My seed saving mentor is David Catzel, who has been farming at Fraser Common Farm as part of the Glorious Organics Co-op in Aldergrove for 10 years, and today at my first farm visit there, I learned that, among other things, he’s also done a stint at Linnea Farm on Cortes Island, and also co-ordinated a seed saving program for the Environmental Youth Alliance in East Vancouver, named Urban Seeds, out of Cottonwood and Strathcona Community Gardens.
We figure we’ve probably crossed paths several times over the years, but now I’m ever so grateful to have this chance to be officially endorsed to pick his brain!
We covered a lot of ground and topics today (so hope i get this all right David!) but basically David has been involved in most of Fraser Common Farms seed crop planning, saving, selecting roguing, breeding, curing, and drying and this has included many brassicas, lettuce, tomatoes, corn, beans, and a breeding project involving an accidental and now intentional cross between a brussel sprout variety and a kale variety. I learned about progeny breeding today ( warning: my understanding here ~ saving all the seeds from one plant and growing those out and then selecting for traits from those progeny)
Very interesting learning about some of the selecting that David is doing with this project, for winter hardiness, denticulated leaves, colour. SO COOL!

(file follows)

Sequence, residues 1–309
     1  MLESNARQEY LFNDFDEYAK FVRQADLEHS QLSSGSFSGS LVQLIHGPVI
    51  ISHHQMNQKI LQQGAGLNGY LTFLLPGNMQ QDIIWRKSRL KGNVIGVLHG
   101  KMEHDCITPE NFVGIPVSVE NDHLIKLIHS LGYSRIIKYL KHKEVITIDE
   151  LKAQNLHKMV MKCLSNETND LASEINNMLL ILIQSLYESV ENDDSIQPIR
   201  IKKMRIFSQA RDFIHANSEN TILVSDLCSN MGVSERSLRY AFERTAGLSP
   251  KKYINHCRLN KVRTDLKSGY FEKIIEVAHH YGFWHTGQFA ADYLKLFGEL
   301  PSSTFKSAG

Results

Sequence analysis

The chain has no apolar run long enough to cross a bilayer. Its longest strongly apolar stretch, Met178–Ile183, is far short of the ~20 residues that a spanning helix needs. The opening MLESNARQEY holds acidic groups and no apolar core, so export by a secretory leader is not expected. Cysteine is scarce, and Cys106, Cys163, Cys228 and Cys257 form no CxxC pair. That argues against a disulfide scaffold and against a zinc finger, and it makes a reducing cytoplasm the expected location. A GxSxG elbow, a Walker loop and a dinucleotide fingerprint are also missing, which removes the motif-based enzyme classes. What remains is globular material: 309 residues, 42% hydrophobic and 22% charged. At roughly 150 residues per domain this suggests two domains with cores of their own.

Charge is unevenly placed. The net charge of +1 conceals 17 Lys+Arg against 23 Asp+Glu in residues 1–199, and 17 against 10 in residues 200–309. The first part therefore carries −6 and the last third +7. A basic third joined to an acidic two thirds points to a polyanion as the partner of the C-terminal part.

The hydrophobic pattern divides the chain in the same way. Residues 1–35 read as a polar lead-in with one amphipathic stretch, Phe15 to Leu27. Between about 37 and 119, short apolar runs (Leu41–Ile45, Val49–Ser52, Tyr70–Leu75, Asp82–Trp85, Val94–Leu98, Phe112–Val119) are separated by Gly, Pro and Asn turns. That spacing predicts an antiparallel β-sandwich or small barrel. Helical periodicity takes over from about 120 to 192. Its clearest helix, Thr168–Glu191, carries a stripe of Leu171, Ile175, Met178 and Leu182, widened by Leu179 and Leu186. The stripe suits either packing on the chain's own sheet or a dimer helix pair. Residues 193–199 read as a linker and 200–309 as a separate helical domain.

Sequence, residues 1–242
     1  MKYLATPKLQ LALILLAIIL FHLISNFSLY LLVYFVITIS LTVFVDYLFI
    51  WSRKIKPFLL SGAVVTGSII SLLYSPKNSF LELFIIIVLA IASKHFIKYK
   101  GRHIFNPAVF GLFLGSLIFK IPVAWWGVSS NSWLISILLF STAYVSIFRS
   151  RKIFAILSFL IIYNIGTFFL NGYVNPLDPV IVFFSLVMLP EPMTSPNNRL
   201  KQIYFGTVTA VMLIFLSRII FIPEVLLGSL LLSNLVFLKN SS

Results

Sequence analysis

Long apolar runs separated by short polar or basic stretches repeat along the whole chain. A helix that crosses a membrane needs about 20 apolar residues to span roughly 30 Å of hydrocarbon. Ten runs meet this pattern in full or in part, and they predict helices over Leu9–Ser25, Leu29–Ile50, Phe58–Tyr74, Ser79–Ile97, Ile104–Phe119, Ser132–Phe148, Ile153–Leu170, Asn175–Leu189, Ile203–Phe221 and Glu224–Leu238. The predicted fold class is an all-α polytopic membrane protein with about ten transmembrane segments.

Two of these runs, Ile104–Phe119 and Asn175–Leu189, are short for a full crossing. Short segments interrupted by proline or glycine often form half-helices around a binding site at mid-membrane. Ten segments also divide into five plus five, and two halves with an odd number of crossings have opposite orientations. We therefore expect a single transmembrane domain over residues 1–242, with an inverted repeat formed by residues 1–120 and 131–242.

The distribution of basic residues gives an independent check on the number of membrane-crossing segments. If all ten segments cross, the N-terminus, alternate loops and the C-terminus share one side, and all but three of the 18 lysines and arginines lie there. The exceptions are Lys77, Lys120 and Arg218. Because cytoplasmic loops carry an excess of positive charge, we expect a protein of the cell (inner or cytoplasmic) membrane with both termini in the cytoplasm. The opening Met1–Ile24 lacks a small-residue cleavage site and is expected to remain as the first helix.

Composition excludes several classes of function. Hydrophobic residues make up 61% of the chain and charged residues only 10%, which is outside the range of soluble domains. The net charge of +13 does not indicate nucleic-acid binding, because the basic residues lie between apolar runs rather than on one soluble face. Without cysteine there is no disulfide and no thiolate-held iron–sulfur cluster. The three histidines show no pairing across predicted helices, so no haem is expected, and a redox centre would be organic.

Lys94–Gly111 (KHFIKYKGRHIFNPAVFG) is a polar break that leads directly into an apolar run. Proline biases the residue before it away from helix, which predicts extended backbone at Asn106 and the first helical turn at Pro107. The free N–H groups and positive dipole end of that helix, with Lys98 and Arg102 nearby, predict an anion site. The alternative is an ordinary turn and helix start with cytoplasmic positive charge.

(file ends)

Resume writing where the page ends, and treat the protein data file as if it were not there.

As I’ve been learning more about isolation distances and minimum plant numbers for genetic diversity, I was curious to see how a medium sized farm (20 acres) handles growing so many species and varieties with the need for isolation distances addressed. At Glorious Organics there are many different fields growing different crops, with significant forest buffer zones between them to deter pollinators from crossing same species. and the careful placement of squash varieties of different species next to each other.
The Fava bean seed pods were super impressive! but saw some that were less so, so they will likely be culled.
A new challenge David has faced this year is a nasty aphid infestation on one of the brassica seed crops, on the actual seeds. In the past, aphids have damaged the growing plants, but not the seed pods! He stressed how it’s good practice to still water and weed the seed crops even after they’ve started forming seeds.
My main project is parsnip seeds, a biennial. I’ve seeded 180 feet of Lancer parsnips, kinda late, but the germination looks pretty good. We’ve been hand watering for weeks now, and I’m mainly just trying to keep them alive! i need to have 200 viable plants that have overwintered to replant next spring, so that means saving more than 200 and learn about how to create good storage conditions.
I also want to try some hand pollinating of buttercup squash. So far there have been lots of female flowers mature and opening, but no male flowers. is this typical? hoping tonight might be the night!
So, gotta go!
Looking forward to David’s visit here on Sunday, hope my parsnips have grown some more by then